India wants total ban on chemical weapons

  1. India also pushed for a total ban on chemical weapons in the region and for an end to terrorist financing
  2. The agreements on terror financing, chemical weapons and de-radicalization adopted at the East Asia Summit will help the region cope with the threat of terrorism effectively in future
Nov, 14, 2017

India, Philippines ink deals on defence, agriculture


Mains Paper 2: IR | Bilateral, regional & global groupings & agreements involving India &/or affecting India’s interests

From UPSC perspective, the following things are important:

Prelims level: ASEAN, International Rice Research Institute (IRRI)

Mains level: The article talks about the deals signed by India and Philippines



  1. The PM Modi’s visit to the Philippines is the first bilateral visit by an Indian PM to this Southeast Asian nation in 36 years after the visit of the Prime Minister Indira Gandhi in 1981, though Prime Minister Manmohan Singh had visited the Philippines in 2007 for the ASEAN summit
  2. Four agreements were signed by the two countries on the sidelines of this visit

Agreements signed between the two countries

  1. Four agreements were signed between the two countries, which covered areas of defense, agriculture, small and medium enterprises and a tie-up between think-tanks
  2. The Philippines is also committed to improving the public health system and wants Indian infrastructure companies to pitch in his flagship “build, build and build programme
  3. The idea is to have private and public enterprises to cooperate in the defense sector, including on the off-shore patrolling vessels

Other highlights of the visit

  1. The Indian PM contributed two Indian rice seed varieties to the gene bank of the international rice research center in the Philippines which he said is working towards mitigating global poverty and hunger by improving the cultivation of the key grain
  2. He also visited the International Rice Research Institute (IRRI) and interacted with several Indian scientists working there
  3. A number of scientists at IRRI briefed the PM on flood-tolerant rice varieties which, they said, can withstand 14-18 days of submergence and provide 1-3 tonnes more yield per hectare in flood-affected areas
Mar, 23, 2016

India marks big shift in trade policy

  1. What? India has outlined higher level of commitment to liberalize investment and services for the members of RCEP
  2. This marks a significant shift in its trade policy & could become a template for future bilateral treaties
  3. India has accepted ratchet and most-favoured nation-forward (MFN-forward) clauses
  4. But India will, in turn, impose conditions on RCEP members for accepting these clauses
  5. However, India has not made any commitments on multi-brand retail nor in according national treatment before investors set up shop in the country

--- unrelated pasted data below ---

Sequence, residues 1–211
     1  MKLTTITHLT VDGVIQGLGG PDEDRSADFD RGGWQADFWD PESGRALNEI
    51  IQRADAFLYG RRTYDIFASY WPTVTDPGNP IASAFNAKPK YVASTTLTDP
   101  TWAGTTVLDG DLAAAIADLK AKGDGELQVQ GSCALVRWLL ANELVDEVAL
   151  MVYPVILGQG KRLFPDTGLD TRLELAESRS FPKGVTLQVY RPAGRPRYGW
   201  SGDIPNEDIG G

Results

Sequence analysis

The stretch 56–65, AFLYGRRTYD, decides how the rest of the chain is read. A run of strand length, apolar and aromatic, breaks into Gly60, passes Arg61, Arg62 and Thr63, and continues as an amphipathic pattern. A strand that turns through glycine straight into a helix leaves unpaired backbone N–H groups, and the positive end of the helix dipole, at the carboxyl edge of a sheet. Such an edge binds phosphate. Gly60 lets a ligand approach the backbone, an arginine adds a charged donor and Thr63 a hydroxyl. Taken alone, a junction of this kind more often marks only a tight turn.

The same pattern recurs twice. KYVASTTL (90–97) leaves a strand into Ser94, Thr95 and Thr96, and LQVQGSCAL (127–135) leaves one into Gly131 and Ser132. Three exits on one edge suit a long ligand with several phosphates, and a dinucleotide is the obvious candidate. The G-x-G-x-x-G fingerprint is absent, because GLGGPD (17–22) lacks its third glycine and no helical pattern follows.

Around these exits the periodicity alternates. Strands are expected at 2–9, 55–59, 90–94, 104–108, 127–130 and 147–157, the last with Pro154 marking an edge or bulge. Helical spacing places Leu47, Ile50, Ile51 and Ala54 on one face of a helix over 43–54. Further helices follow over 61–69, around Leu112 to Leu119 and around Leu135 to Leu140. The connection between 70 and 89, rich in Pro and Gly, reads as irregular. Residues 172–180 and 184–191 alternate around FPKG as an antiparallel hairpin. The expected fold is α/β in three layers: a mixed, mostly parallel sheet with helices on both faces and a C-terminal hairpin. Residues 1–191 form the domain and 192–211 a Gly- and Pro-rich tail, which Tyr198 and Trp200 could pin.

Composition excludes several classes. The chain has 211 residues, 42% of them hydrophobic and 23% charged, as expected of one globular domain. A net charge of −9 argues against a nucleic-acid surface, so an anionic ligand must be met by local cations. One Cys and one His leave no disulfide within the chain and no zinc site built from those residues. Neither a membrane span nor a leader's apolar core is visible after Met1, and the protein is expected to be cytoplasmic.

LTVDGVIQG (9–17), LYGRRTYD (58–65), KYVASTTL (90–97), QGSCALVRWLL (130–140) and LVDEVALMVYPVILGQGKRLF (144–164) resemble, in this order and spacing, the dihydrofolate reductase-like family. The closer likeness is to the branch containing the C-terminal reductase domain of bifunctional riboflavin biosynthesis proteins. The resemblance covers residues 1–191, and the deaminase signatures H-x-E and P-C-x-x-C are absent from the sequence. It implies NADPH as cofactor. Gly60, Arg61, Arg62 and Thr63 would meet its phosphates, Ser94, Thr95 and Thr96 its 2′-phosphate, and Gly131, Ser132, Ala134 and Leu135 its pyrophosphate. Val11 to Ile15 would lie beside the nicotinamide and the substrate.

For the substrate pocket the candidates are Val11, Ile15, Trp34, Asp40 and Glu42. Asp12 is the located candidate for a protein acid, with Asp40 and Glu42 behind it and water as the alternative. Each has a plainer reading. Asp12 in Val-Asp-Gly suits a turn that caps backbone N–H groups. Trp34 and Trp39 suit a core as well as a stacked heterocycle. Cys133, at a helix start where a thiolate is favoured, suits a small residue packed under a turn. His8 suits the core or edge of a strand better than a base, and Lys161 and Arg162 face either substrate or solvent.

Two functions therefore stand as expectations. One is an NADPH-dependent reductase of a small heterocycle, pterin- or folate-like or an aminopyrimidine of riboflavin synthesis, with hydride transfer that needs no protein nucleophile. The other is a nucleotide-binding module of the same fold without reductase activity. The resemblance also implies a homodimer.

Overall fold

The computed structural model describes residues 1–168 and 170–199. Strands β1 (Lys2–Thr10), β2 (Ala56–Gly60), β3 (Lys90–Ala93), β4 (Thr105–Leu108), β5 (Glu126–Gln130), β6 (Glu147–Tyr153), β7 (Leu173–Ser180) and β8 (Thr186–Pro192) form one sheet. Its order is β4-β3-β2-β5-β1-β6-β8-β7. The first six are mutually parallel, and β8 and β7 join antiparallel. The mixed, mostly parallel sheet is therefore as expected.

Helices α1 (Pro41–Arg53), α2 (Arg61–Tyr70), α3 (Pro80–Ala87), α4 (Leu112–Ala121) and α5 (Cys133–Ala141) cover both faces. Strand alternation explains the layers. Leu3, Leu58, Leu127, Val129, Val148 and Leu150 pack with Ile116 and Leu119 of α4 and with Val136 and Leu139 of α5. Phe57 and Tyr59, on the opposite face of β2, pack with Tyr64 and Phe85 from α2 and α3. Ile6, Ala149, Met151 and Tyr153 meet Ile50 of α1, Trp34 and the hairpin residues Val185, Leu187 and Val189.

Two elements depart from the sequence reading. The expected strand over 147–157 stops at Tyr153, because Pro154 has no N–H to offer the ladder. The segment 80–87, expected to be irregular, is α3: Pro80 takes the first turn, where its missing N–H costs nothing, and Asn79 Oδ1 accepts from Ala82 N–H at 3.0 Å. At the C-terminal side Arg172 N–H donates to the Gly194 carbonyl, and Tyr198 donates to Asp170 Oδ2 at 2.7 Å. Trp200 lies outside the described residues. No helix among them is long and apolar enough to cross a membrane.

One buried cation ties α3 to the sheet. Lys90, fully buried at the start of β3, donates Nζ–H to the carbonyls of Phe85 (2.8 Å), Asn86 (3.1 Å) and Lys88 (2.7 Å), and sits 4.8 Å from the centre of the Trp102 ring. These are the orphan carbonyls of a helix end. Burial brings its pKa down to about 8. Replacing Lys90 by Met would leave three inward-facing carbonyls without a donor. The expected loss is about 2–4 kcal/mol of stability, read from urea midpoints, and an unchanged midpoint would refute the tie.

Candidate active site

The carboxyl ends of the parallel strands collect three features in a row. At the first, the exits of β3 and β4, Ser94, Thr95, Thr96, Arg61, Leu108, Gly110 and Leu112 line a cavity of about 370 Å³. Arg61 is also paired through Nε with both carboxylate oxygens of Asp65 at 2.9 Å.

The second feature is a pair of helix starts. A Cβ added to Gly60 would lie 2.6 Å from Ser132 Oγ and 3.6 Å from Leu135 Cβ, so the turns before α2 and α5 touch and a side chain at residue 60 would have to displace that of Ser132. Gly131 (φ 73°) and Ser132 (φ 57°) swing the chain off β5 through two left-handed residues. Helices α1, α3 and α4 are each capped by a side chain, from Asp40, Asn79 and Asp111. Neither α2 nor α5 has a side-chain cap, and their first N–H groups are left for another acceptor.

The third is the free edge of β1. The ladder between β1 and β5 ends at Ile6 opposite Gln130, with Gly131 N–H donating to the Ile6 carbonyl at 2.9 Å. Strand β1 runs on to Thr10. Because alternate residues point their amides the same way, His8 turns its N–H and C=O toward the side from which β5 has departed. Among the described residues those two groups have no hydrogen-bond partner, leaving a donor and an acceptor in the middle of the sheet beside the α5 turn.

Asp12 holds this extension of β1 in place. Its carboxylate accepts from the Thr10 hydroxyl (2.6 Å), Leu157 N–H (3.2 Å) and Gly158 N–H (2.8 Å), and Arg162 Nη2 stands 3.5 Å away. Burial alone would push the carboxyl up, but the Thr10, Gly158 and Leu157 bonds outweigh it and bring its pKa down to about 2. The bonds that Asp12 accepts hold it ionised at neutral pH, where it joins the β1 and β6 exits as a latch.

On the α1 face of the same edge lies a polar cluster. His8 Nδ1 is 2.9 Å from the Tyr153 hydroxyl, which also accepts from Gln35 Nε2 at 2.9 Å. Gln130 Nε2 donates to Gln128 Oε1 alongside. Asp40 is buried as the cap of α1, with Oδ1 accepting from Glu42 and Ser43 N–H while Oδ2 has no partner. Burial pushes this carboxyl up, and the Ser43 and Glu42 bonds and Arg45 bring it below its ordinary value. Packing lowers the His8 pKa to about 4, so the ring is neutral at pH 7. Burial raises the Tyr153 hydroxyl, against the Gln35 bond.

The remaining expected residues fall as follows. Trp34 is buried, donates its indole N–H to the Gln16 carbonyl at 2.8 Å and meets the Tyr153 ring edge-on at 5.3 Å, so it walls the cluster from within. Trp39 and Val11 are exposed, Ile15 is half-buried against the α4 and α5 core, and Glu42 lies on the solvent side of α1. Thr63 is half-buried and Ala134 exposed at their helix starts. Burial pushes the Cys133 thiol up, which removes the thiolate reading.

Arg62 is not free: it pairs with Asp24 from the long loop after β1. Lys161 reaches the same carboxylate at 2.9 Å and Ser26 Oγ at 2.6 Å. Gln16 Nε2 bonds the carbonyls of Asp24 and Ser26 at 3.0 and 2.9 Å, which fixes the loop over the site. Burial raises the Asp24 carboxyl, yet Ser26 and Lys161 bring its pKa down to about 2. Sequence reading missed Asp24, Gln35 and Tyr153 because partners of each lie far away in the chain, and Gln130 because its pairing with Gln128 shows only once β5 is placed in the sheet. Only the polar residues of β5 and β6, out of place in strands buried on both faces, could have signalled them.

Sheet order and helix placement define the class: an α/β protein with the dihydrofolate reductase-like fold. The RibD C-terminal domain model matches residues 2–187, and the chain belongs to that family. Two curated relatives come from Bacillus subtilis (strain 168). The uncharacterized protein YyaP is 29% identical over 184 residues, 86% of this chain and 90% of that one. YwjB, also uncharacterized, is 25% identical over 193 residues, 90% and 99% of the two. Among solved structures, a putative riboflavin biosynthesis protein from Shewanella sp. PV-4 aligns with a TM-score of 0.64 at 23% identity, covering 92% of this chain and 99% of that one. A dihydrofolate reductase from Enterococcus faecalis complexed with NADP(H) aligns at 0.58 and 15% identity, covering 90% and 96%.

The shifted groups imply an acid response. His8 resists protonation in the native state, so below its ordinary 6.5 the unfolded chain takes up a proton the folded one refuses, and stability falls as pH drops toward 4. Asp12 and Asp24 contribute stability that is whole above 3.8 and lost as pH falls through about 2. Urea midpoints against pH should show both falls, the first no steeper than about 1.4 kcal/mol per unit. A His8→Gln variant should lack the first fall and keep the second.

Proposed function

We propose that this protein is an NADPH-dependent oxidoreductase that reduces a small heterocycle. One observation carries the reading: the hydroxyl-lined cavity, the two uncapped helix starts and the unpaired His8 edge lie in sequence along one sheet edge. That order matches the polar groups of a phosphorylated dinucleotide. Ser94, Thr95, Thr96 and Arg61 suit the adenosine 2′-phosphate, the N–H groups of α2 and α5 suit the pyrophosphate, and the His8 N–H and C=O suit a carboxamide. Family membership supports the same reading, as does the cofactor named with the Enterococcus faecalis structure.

Mar, 03, 2016

ASEAN Plus Multinational Field Training Exercise ‘Ex Force 18’

  1. News: Multinational Field Training Exercise (FTX) – Exercise FORCE 18, involving ASEAN Plus countries commenced at Pune
  2. Context: This is the largest Ground Forces Exercise ever conducted on Indian soil and would be conducted from 02 to 08 March 2016
  3. Theme: ‘Humanitarian Mine Action’ and ‘Peacekeeping Operations’
  4. First phase: 28 foreign trainers were trained by Indian Army, these trainers will form the training backbone for the conduct of ‘Exercise FORCE 18’
  5. Foreign participants witnessed martial skills performed by the Indian Army, including Drill by soldiers from the Mechanised Infantry Regimental Centre
Nov, 23, 2015

ASEAN to ease travel, mobility of labour

The leaders endorsed “ASEAN 2025: Forging Ahead Together,” which charts the path for community building over the next 10 years.

  1. The Association of Southeast Asian Nations (ASEAN) was proclaimed a community through a declaration signed by the ASEAN leaders at its 27th Summit.
  2. The focus of ASEAN 2025 will be on strengthening the community on political, economic and socio-cultural fronts.
  3. While the Political-Security Community aims at maintaining the association’s centrality in regional mechanisms.
  4. The Socio-Cultural Community will focus on promoting a high quality life and equitable access to opportunities for all.
  5. The ASEAN Economic Community will focus on business-friendly, trade-facilitative and market-driven economy to inspire investor confidence.
Nov, 23, 2015

Give no shelter to terrorists: PM Modi

  1. Prime Minister says the world is coming together to use “force” to fight the menace.
  2. PM Narendra Modi suggested a multi-pronged approach for combating international terrorism.
  3. Making an intervention at the East Asia Summit (EAS).
  4. He emphasised the need for building a new global resolve and new strategies for combating terrorism, without balancing them against political considerations.
  5. He said, terror was the biggest problem faced by the world today and stressed the need for delinking religion from terror.
Nov, 21, 2015

ASEAN-India Summit: Terrorism, trade, sea dispute to be top agenda

ASEAN (Association of Southeast Asian Nations) is India’s fourth largest trading partner.

  1. Terrorism, trade and South China Sea dispute are expected to dominate discussions at the 13th ASEAN-India Summit
  2. The 10 member grouping will review the new Plan of Action (2016-2020).
  3. To further enhance ASEAN-India cooperation along politico- security, economic and socio-cultural pillars.
  4. India and ASEAN have 30 dialogue mechanisms including a Summit and 7 Ministerial meetings with various ministries.
  5. Trade between India and ASEAN stood at USD 76.52 billion in 2014-15.